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MarTech Interview with Matt Colebourne, CEO at Searchmetrics

MarTech Interview with Matt Colebourne, CEO at Searchmetrics
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With the increasing complexity of search and SEO practices, it is important for B2B marketers to know what to continually enhance and how; Matt Colliborne, CEO of Searchmetrics He has some ideas:

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Welcome to the MarTech Matt series chat, tell us more about your current role as CEO at Searchmetrics and your journey through the years…

Being a CEO at Searchmetrics is a great job. Since we are relatively young, the role includes operations and strategy. So sometimes I will focus on making the issue of organic search a much larger part of the digital marketing mix and other times I will work directly with clients and prospects to make sure we meet their needs.

Personally, I am a computer scientist and sales manager by training and since the late 1990s I work almost exclusively in adtech and martech. I joined DoubleClick (the leader in display ad technology) early on. I then moved from Display adtech to Paid Search and was responsible for transforming and selling the last major European pay-per-click network. Along the way, roles in various organizations have allowed me to cover telemarketing, video, and, increasingly, data-driven digital marketing offerings. My opinion is that, as everyone knows, digital marketing is now so diverse and complex that it is very important to focus again on the basics; Awareness, thinking, sharing, conversion and selling. It’s obvious (but all too easy to lose sight of) that there is no single channel that will meet all of your marketing needs. This means that it is now more necessary than ever for us and others to be able to speak a common language that enables marketers to manage their marketing mix to achieve the best overall results.

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When it comes to search and SEO techniques, in what ways do you feel today’s digital marketers need to enhance their focus and processes and why?

First, they need to understand that SEO is no longer a ‘dark art’ that relies on technical tricks to deal with where your brand or content appears in search results – Google’s many algorithm updates and the use of artificial intelligence and other, more complex techniques, mean So tactics no longer work. Instead, achieving a high ranking is now about better understanding the researcher’s needs and then providing the content that best meets them.

The point is that when people search, they’re providing an expression of demand – whether it’s a product they eventually hope to buy or just finding information about something they want to know more about. Clear interaction of that content with the right content can improve your rankings, but query analysis like this one has the potential to deliver even more. Basically, I think marketers need to look earlier and more strategically at SEO if they want to make an incremental change in ROI. For example, analysis of searches can help marketers to better understand their market, how it is evolving and capture trends in consumer behavior and seasonality much earlier.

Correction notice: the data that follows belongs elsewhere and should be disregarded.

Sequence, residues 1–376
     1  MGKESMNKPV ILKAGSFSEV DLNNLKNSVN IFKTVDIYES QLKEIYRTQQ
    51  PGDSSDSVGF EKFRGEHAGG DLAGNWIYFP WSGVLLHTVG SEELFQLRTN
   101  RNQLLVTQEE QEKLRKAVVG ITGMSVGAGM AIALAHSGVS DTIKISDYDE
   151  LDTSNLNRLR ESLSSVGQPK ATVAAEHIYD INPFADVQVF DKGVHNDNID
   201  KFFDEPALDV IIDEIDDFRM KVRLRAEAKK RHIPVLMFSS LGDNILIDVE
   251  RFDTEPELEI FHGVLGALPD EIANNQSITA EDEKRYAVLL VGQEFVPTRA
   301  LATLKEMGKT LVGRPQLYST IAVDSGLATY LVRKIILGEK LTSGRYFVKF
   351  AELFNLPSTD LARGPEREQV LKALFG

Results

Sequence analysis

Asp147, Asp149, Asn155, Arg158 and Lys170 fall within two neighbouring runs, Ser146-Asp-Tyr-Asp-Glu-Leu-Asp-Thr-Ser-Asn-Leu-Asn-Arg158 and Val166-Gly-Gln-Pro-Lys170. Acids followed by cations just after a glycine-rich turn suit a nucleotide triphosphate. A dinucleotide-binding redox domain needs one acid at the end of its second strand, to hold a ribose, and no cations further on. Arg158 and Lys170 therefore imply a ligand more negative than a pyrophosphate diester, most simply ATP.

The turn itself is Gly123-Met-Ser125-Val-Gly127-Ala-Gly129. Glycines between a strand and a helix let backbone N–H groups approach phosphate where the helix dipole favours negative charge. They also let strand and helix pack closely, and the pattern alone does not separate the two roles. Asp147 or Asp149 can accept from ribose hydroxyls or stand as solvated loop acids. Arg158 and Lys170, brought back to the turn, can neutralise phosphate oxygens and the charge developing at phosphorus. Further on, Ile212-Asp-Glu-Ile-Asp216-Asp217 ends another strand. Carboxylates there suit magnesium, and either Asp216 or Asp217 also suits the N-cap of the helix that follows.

Delivering this business intelligence is something I think research data is uniquely good at. For example, people tend to use research to research the type of products and product features they’re interested in – often long before those trends are marketed. This means that a savvy marketer can be ahead of the game and have the right product, the right offer, and the right messaging to take advantage of the next wave, rather than trying to catch up. To take an example from the pandemic, searches for 2,000 adult jigsaws have skyrocketed because bored adults have been trying to find ways to take their time away during lockdown. If your company sells puzzles, discovering and acting on this type of intelligence can dramatically increase sales and revenue.

How can marketers today use research data to drive overall business intelligence?

Billions of searches are made daily via search engines like Google, social media like Facebook, and e-commerce sites like Amazon. Also, searches are getting more and more complex, moving from single keywords to exact phrases that reveal more details about the searchers’ intent. So this is a massive and constantly updated source of strategic market information, providing insights into market size, trends, seasonality, competition and customer behavior.

It is rarely exploited properly, because it is difficult to collect and make usable. With billions of keywords involved, the key thing is to be able to aggregate this mass of search data into key metrics that represent market segments, product rankings, and geographies. Then you can ask questions such as “What is the seasonality of buying ski clothing?” or “When do people buy new cars by country and is it different from used cars?” Or, basically, “Where am I in the total market?”. By making it usable, research professionals and data scientists can extract a wealth of insights from a large, accessible and constantly updated set of data that avoids the unconscious bias that comes with other research techniques such as consumer surveys.